Monthly Archives: February 2013

Angry Black Guy with Sega CD & 32X

Here it is the article dedicated to the Angry Black Guy. He was the mascot for the Genesis add-ons Sega CD & 32x. The two products Sega invented as a way to compete against Nintendo’s Super Nintendo by making it look more impressive by showing off a CD add-on and a 32 bit graphics add-on. I’m pairing these two products into one article cause the same black guy is shown advertising them and they’re a little more entertaining that the non-gimmicky commercials for the Sega CD & 32x. So let’s talk about the mascot first.

The Angry Black Guy is very similar to Jack from the Atari Jaguar Cave commercial. You remember him right? That guy who is so obsessed with the Jaguar that he tries to convince every single person to own one including Bob was suckered in to buy one. This guy is similar to Jack except he’s more abusive and taunts the video gamers to buy a Sega CD & 32x. The first commercial involves a gamer watching TV only to see the Angry Black Guy shouting “Hey!” “You still don’t own a Sega CD?!” While the gamer would look like a idiot and give “huh” and “duh” for an answer with the Angry Black Guy shouting with the responses “You have seen the games right?” “You waiting for Nintendo CD to come out?” “Wrong answer, show him!” And then the game is blasted with rapid images of Sega CD games and other random footage as if his mind couldn’t take the magnitude of power of the system. Then the commercial would end with the gamer stuck on the wall of the TV room saying “Sega!” the common catch phrase for Sega’s ads at the time. While the other commercials would have the Angry Black Guy showing off what the Sega CD has to offer and why the 32x & Genesis were made for each other.

These commercials are both funny and nostalgic to watch. James Rolfe from made a parody of these commercials for his Sega CD & 32x reviews. I highly recommended watching those reviews cause he sums up what was good and what was bad about the add-on products. The Sega CD was introduced back in 1991 and was sold as an add-on for the Genesis. The product only works if it’s hooked up to a Genesis and it requires its own AC adapter. So gamers needed two open outlets in order to play both the Genesis and Sega CD. While the product did show case some relatively good games it also had a share of unusual games that use Full Motion Video related games that have some game play but plays like a movie. At the time it was cool to see live action clips on a video game console except most of the full motion videos on the Sega CD is small and pixellated making the experience unappealing to some gamers. The product was discontinued by 1996 with only 6 million units sold at the stores. I think James Rolfe said it best that the Sega CD is an interesting piece of hardware but the only down side is that it was too expensive for gamers to buy at the time and the technology it uses was premature compared to what would be accomplished years later.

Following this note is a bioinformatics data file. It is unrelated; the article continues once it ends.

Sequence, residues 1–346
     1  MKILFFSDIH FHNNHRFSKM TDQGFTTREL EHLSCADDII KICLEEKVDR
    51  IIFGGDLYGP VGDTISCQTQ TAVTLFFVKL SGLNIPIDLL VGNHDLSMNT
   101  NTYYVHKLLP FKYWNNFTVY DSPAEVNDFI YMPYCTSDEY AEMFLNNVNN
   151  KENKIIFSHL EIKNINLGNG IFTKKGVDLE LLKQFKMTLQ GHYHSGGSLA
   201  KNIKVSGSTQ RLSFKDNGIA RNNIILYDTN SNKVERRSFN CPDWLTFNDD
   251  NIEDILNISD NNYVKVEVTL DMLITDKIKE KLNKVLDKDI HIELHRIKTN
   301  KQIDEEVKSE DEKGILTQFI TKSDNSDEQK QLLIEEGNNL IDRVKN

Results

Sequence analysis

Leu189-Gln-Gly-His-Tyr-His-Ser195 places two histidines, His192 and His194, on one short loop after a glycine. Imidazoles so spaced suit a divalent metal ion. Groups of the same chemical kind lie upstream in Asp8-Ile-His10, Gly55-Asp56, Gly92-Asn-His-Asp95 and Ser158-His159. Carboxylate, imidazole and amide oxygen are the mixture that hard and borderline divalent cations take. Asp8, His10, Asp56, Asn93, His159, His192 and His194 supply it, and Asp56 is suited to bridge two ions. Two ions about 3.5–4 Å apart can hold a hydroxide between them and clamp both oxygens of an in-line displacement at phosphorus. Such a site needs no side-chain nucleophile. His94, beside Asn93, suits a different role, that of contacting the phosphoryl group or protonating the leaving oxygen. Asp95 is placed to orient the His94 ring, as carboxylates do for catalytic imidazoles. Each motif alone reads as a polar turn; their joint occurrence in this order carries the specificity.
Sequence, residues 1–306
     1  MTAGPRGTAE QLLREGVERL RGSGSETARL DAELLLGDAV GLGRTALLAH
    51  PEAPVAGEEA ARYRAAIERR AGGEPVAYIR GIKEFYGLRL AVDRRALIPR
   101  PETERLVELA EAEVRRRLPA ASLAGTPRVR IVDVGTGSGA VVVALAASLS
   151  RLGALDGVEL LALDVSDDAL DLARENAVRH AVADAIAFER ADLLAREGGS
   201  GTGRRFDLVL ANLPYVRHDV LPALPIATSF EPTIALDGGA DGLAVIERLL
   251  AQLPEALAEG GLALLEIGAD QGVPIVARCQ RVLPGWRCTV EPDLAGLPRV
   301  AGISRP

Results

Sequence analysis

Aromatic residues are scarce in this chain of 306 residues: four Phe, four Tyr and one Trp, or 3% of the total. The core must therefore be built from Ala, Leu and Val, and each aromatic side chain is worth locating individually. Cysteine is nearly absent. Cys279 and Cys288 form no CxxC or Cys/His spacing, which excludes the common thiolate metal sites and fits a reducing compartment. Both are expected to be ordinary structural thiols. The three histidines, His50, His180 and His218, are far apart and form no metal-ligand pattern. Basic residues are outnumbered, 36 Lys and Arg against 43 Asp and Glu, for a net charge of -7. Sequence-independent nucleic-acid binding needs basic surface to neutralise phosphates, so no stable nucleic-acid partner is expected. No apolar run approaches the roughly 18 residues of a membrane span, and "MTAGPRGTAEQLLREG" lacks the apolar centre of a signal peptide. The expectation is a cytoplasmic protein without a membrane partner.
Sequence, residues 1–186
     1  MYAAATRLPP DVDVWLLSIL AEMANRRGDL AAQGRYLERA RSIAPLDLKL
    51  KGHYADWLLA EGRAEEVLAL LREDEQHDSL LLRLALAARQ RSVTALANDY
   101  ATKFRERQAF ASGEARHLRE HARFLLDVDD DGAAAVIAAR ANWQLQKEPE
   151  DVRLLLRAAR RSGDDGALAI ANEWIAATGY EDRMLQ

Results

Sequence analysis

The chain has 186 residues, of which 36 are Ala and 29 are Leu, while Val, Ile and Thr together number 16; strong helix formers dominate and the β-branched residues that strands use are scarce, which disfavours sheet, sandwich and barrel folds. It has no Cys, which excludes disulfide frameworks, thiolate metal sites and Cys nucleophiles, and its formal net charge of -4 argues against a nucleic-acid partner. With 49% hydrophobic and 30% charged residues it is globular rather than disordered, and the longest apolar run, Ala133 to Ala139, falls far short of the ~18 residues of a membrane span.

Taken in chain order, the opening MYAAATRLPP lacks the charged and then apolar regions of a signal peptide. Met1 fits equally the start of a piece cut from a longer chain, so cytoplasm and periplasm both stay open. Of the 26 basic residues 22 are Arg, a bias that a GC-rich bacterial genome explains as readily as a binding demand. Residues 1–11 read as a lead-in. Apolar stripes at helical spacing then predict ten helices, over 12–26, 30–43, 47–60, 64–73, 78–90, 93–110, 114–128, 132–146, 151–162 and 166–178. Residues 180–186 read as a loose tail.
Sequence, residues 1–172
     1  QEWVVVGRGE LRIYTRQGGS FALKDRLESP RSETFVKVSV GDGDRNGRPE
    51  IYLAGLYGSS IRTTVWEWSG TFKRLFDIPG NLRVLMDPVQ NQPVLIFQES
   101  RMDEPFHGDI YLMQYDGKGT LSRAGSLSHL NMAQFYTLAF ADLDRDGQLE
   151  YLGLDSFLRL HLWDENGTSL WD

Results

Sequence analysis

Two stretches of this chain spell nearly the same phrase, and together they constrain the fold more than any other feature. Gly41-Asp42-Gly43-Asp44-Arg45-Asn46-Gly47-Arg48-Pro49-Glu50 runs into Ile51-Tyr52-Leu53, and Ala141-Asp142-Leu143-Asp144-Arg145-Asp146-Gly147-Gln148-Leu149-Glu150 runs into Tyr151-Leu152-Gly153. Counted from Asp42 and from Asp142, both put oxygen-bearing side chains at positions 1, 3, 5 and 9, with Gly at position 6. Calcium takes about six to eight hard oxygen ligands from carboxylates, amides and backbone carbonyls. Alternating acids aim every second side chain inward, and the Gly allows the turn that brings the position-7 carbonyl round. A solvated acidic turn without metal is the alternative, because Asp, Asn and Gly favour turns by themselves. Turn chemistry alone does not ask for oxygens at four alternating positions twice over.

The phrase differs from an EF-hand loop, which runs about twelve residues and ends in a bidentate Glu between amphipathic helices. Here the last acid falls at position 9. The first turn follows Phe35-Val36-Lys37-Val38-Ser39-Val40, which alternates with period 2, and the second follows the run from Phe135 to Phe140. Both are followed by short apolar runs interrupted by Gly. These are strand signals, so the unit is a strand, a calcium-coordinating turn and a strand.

While the 32x came into the market back in 1994 a few years after the Sega CD. It was Sega’s last attempt to expand the Genesis life span by introducing an add-on that you insert on the game slot of the Genesis. It uses 32 bits of graphics so it exceeds the number of graphics the Genesis uses. Instead of CDs, the 32x uses cartridges instead that are made specifically for the 32x. It also plays regular Genesis games as well allowing gamers to play either type of games. However at a retail price of $159.99 no one was suckered in to buy a small add-on product when they’re better off using that kind of money to buy a console. However the 32x was meant to be a console called the Sega Neptune but the development of the console proved to be problematic for Sega so they morphed it into the add-on we all know today as the 32x. It was reported that at least one prototype Neptune system exists before the idea was scrapped. The 32x also requires its own AC adapter which also creates a problem for plugging it into an outlet when that outlet would already have the plugs for the AC adapters for the Genesis and Sega CD. The 32x bit the dust by 1995, a shorter life span than the Sega CD. One year of being in the market is a laugh riot in my opinion. That was also the same year when the Sega Saturn was put into the market the first Sega Console since forever. I’ll talk more about that one next time.

In the end 220 games were made for the Sega CD while 34 games were made for the 32x. While the Sega CD had some popularity, the 32x ended up being Sega’s biggest marketing mistake they ever pulled. While they’re loosing money, Sony had already entered the gaming market with their first Playstation console, while Nintendo’s developing the Nintendo 64 that will be in the market within a year later. After the introduction of these Sega add-ons, it only proved to show that adding additional hardware to a system doesn’t mean it’ll do better in the market. It only creates money lost and looking like a fool in public. Anyways here’s some commercials on the products to wrap this article up and next week will be me talking about the Saturn.